They were disappointed. When Lothaire II, King of Lorraine, wished to divorce his Queen Theutberga and marry his mistress Waldrada, the chief prelates of his kingdom granted his wish (862). Theutberga appealed to Nicholas, who sent legates to Metz to examine the matter; Lothaire bribed the legates to confirm the divorce; the archbishops of Trier and Cologne brought this decision to the Pope; Nicholas discovered the fraud, excommunicated the archbishops, and ordered Lothaire to dismiss his mistress and take back his wife. Lothaire refused, and marched with an army against Rome. Nicholas remained for forty-eight hours in St. Peter’s in fasting and prayer; Lothaire lost courage, and submitted to the Pope’s commands.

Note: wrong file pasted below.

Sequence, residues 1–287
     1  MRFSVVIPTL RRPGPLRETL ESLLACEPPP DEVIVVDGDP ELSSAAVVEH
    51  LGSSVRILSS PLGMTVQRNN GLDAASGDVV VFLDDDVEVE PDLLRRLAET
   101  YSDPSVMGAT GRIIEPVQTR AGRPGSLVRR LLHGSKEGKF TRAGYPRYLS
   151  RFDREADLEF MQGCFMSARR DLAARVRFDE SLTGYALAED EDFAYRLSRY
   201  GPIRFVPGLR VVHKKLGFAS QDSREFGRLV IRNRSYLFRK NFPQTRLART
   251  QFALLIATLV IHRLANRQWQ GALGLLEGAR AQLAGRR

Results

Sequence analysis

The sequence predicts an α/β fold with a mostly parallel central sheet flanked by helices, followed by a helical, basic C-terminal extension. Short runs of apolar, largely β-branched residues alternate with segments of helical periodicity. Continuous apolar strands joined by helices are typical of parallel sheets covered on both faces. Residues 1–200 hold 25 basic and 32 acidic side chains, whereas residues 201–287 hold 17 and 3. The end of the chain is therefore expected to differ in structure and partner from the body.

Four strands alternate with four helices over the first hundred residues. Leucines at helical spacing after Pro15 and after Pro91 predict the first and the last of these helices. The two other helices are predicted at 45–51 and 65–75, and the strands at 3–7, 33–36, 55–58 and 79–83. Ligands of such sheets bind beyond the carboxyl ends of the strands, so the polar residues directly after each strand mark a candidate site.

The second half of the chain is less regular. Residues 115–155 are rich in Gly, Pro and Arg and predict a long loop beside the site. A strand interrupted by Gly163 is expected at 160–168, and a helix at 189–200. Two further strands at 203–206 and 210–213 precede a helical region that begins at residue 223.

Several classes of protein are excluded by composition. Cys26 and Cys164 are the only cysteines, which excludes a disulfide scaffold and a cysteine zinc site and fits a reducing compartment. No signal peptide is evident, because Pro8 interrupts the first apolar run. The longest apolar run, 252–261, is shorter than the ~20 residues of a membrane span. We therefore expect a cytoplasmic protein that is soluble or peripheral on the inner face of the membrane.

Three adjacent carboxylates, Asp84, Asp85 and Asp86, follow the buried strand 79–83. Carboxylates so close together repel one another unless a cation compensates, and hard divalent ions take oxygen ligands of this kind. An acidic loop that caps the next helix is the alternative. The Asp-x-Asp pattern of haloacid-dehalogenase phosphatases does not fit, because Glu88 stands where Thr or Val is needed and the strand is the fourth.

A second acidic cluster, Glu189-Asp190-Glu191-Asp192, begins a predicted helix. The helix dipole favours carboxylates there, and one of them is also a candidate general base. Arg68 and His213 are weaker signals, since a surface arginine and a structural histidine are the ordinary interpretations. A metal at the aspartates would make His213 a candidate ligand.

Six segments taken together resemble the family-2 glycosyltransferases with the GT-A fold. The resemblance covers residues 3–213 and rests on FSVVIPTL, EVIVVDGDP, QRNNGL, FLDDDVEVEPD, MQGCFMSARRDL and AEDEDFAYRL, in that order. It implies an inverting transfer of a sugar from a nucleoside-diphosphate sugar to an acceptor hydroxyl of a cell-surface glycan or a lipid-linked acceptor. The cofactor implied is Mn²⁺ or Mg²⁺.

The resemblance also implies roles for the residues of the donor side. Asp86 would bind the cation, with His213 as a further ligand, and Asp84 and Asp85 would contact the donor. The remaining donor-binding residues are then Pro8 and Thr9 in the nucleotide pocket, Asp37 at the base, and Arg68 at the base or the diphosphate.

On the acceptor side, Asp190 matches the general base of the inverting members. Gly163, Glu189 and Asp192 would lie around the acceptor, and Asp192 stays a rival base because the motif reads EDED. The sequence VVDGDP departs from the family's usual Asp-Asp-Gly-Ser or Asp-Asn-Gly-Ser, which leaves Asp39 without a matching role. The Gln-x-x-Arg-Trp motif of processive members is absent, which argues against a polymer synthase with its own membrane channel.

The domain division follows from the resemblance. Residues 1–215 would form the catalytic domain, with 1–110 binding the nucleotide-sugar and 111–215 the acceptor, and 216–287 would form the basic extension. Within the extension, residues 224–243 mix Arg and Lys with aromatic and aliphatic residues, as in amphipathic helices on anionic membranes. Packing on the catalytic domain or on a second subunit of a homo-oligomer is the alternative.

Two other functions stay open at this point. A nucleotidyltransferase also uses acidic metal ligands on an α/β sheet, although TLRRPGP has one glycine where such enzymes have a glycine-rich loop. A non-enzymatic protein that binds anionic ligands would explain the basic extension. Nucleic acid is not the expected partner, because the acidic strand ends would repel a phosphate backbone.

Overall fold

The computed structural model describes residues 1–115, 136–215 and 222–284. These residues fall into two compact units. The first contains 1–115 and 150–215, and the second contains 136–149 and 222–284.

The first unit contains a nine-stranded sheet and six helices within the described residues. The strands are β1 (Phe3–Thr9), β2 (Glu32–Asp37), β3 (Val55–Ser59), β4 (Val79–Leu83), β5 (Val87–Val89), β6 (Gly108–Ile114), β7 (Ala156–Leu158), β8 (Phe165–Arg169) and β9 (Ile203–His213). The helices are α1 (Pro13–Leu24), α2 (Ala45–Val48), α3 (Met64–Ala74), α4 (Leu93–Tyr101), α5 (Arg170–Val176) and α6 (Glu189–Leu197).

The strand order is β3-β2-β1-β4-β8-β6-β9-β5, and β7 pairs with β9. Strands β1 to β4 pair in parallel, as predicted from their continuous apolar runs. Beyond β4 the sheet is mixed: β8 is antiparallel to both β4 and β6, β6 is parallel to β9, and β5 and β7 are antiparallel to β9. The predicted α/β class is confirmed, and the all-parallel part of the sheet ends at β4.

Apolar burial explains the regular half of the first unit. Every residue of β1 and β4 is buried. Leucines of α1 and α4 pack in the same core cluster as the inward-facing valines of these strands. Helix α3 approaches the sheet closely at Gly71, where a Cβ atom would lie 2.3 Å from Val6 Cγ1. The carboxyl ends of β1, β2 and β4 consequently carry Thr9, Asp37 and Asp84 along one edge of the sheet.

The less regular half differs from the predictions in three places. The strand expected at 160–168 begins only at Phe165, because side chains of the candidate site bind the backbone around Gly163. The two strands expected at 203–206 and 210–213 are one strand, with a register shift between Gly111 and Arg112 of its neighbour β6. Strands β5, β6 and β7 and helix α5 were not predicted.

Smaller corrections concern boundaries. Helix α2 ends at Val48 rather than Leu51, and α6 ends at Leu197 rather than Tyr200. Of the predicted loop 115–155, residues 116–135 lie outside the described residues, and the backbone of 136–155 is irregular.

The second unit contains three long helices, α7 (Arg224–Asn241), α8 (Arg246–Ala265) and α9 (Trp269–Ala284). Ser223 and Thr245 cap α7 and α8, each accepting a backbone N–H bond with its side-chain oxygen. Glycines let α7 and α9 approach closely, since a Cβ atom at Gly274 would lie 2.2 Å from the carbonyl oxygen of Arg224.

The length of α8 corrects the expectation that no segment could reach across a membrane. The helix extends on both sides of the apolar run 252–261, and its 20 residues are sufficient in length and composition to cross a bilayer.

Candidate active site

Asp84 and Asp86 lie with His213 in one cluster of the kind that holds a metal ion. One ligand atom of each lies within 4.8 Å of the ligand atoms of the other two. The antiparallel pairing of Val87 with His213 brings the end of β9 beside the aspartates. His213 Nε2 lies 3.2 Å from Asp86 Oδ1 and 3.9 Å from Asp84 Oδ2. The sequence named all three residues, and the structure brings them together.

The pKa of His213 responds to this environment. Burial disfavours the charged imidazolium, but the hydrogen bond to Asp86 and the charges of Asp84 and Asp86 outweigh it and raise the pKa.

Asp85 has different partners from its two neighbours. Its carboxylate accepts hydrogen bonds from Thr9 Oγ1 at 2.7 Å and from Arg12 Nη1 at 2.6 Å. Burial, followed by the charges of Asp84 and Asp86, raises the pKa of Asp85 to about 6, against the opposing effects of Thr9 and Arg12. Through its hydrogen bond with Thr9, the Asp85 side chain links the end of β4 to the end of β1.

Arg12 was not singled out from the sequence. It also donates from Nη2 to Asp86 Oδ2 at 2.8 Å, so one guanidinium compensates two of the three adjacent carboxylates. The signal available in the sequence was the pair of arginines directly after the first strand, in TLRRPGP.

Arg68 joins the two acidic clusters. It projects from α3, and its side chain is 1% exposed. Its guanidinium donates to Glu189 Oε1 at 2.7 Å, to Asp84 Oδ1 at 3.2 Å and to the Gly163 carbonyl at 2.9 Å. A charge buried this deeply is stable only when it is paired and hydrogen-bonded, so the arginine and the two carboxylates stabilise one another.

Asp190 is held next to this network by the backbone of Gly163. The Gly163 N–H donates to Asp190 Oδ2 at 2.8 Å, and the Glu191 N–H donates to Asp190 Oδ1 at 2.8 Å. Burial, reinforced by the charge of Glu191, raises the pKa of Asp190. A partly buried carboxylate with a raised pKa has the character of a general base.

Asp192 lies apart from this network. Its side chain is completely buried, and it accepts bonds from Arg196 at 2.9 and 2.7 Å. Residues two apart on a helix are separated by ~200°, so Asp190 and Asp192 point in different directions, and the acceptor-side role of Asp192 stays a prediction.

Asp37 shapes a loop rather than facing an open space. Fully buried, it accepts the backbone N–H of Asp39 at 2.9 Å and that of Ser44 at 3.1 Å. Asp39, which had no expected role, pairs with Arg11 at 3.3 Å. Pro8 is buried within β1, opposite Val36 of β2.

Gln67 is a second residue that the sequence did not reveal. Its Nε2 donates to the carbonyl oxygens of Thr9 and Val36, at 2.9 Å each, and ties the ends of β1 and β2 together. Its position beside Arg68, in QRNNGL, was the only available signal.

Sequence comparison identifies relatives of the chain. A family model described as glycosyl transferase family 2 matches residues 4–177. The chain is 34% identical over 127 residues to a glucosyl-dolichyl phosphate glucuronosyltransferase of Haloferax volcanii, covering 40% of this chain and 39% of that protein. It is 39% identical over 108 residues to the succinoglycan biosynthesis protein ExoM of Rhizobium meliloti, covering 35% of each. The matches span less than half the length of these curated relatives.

Hincmar, Archbishop of Reims, and the greatest prelate in Latin Europe after the Pope himself, dismissed a bishop, Ratherad, who appealed to Nicholas (863). Having reviewed the case, Nicholas ordered Ratherad reinstated; when Hincmar hesitated, the Pope threatened to lay an interdict—a suspension of all church services—upon his province; Hincmar fumed and yielded. To kings as well as prelates Nicholas wrote as one having supreme authority, and only Photius of Constantinople dared gainsay him. In nearly every case later developments showed the Pope to have been on the side of justice; and his stern defense of morality was a lamp and tower in a decadent age. When he died, the power of the papacy was acknowledged more widely than ever before.